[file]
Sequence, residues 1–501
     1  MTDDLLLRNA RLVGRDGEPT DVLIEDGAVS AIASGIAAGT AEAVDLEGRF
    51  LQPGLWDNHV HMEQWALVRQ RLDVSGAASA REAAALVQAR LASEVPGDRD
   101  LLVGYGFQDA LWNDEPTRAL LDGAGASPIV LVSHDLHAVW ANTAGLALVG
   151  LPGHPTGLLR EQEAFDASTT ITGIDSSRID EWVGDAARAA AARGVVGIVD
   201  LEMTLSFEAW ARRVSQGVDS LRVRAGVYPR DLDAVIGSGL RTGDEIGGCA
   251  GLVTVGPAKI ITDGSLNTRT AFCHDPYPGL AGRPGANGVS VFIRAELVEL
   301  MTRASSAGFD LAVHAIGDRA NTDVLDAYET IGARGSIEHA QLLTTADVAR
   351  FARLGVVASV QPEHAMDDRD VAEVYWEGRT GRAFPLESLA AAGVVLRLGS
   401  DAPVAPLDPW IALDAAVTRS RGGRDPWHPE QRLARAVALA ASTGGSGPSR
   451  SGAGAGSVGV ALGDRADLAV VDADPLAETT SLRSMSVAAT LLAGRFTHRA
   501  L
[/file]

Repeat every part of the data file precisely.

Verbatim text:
Sequence, residues 1–501
     1  MTDDLLLRNA RLVGRDGEPT DVLIEDGAVS AIASGIAAGT AEAVDLEGRF
    51  LQPGLWDNHV HMEQWALVRQ RLDVSGAASA REAAALVQAR LASEVPGDRD
   101  LLVGYGFQDA LWNDEPTRAL LDGAGASPIV LVSHDLHAVW ANTAGLALVG
   151  LPGHPTGLLR EQEAFDASTT ITGIDSSRID EWVGDAARAA AARGVVGIVD
   201  LEMTLSFEAW ARRVSQGVDS LRVRAGVYPR DLDAVIGSGL RTGDEIGGCA
   251  GLVTVGPAKI ITDGSLNTRT AFCHDPYPGL AGRPGANGVS VFIRAELVEL
   301  MTRASSAGFD LAVHAIGDRA NTDVLDAYET IGARGSIEHA QLLTTADVAR
   351  FARLGVVASV QPEHAMDDRD VAEVYWEGRT GRAFPLESLA AAGVVLRLGS
   401  DAPVAPLDPW IALDAAVTRS RGGRDPWHPE QRLARAVALA ASTGGSGPSR
   451  SGAGAGSVGV ALGDRADLAV VDADPLAETT SLRSMSVAAT LLAGRFTHRA
   501  L